Rating: 4 out of 5 stars. As someone with an Eastern European heritage I was familiar with the basic shapes of most of these stories, but definitely not in the depth that they are portrayed here. It really is heavy on religion, and while the author does try to stay objective, sometimes it is not successful., but all the deep dives are very interesting and I do not think the bit of personal colouring you find in this book is to its detriment, it brings the text that otherwise could be a bit dry closer to the reader. I always feel a bit squeamish about saying that a book is "well researched" or similar, only because I do not posses the skill set to determine such, but the author is definitely knowledgeable on and enthusiastic about the topic and the text reads quite academic. Personally my favourite bits were the linguistic sections, and all in all I enjoyed the book a lot. ~ Virág Kulcsár (Reviewer) , NetGalley
Rating: 5 out of 5 stars. As a Polish American I found the history and research very fascinating. The author made many important points about Slavic culture and its dismissal or lack of representation. I enjoyed the many linguistic connections to India and the Balkans, having many friends from those countries, I have noticed those connections. The folklore and traditions are truly beautiful and it brought back many memories of growing up in Poland. ~ Weronika Pogorecka (Reviewer), NetGalley
Rating: 4 out of 5 stars. Well put together and obviously the effort of a great deal of care and passion for the subject. I want to look more at this when I have the time to truly learn something from it. Certainly seems like it hits the nail on the head for being a nonfiction resource for an area that has become a hotbed of global interest of late. ~ Rayne Rickrode (Bookseller) , NetGalley
English: It is impossible to go into all the themes mentioned in a book review. The book is a treasure trove of interesting references and hints, cleverly written and arousing curiosity for more. German: Unmöglich kann man im Rahmen einer Buchbesprechung auf alle angerissenen Themen eingehen. Das Buch ist eine Fundgrube an interessanten Ver- und Hinweisen, klug geschrieben und auf mehr neugierig machend. ~ Hermann Ritter of Eldaring Inclusive Heathenry, https://inclusiveheathenry.com/inclusive-groups/eldaring-ev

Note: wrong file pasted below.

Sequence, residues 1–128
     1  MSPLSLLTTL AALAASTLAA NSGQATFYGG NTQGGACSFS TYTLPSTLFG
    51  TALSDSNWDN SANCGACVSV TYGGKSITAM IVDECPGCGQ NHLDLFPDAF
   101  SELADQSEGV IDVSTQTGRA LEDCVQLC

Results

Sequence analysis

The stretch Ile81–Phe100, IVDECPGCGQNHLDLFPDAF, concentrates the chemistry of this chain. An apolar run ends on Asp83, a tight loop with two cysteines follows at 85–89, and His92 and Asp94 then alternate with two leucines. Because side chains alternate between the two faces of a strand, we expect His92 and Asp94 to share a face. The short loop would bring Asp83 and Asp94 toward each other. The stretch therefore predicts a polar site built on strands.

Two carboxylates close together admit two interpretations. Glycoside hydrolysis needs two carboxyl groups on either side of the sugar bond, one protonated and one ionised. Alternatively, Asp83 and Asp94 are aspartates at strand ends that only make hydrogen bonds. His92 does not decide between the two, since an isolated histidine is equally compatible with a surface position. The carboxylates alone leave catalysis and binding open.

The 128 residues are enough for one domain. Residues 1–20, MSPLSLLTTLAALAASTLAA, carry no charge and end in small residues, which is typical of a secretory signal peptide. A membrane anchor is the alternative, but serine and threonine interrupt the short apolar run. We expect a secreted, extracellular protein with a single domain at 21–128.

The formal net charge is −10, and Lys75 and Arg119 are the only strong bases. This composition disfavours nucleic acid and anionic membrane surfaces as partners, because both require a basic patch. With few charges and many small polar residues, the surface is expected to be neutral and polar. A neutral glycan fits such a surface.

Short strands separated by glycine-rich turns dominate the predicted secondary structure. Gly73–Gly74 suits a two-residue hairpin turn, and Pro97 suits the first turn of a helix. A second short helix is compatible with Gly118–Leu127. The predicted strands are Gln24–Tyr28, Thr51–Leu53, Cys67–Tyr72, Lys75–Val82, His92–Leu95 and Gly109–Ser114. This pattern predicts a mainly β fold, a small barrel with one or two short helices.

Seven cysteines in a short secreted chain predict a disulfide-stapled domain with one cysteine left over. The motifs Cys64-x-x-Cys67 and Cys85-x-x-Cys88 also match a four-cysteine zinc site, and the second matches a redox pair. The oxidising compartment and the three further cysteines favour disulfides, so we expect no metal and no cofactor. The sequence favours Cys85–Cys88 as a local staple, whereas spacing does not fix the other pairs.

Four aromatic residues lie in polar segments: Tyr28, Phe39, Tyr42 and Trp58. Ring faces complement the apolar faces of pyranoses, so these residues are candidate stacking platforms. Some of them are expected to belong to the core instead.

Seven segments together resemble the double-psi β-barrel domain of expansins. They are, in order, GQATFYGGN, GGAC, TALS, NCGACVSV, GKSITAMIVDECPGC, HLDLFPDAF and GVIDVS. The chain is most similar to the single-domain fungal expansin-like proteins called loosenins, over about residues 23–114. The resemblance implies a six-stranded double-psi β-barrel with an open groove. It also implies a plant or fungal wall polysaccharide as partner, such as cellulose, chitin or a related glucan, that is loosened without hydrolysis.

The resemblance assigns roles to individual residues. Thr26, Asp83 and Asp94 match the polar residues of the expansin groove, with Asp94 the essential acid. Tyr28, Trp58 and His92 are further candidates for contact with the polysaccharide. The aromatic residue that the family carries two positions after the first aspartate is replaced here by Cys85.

The author has a fascinating ability to weave facts and folklore into a cohesive and interesting tapestry of very palatable information. His research and work is evident in this long awaited discovery for me. I've been searching for years to discover more of my Slavic heritage in relation to my pagan leanings. Rev. Pam Desjardine ~ Pam Desjardine- Parent, Author, Legion Chaplain, Mystic Shamanenka/Eclectic Pagan in Kelowna, B.C., Canada, https://books.google.ca/books?id=LhZrzwEACAAJ&sitesec=reviews&hl=en
I'm very impressed, and a little humbled. The book shows a skill and an ability to deal with sources that I would be pleased to possess myself- a wonderful book. I wish I'd had the space for as much evidence as it gives, and the skill handling it which (the author) shows. I'll certainly be reading the whole thing, and hope that it gets published. ~ David Fickett-Wilbar (Ceisiwr Serith) Author of The Big Book of Pagan Prayer and Ritual
Very important for the subject of Slavic paganism. ~ Leonni Moura, Author of Cailleach Devocionário Pagão
T.D. Kokoszka’s book provides a needed look at the underlying commonalities of Slavic beliefs without the distortions of nationalistic rhetoric. Kokoszka has a strong foundation in biology and writes knowledgeably about the movement of early tribes in this region and DNA studies. He weaves together samples of folk tales along with well-laid out explanations of the Pagan beliefs found in them. It was wonderful to see how each of us coming from completely different research angles came to so many of the same conclusions. For those trying to grasp more of their Slavic ancestral beliefs, I would whole-heartedly recommend this book! ~ Patricia Woodruff Ph.D., author of Woodruffs guide to Slavic deities